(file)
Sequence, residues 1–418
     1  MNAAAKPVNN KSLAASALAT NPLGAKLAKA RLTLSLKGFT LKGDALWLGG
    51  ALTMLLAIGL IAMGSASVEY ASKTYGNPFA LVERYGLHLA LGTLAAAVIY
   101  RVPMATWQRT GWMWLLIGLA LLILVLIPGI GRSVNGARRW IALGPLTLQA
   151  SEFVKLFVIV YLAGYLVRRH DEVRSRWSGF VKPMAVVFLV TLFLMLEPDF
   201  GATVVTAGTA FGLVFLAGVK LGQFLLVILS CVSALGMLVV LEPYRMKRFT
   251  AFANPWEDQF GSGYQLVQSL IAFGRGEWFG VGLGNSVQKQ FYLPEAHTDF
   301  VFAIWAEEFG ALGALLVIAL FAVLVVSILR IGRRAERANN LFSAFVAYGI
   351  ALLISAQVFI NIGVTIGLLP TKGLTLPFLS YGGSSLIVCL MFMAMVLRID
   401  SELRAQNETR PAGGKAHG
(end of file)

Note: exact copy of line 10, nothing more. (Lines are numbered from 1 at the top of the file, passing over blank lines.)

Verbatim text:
   401  SELRAQNETR PAGGKAHG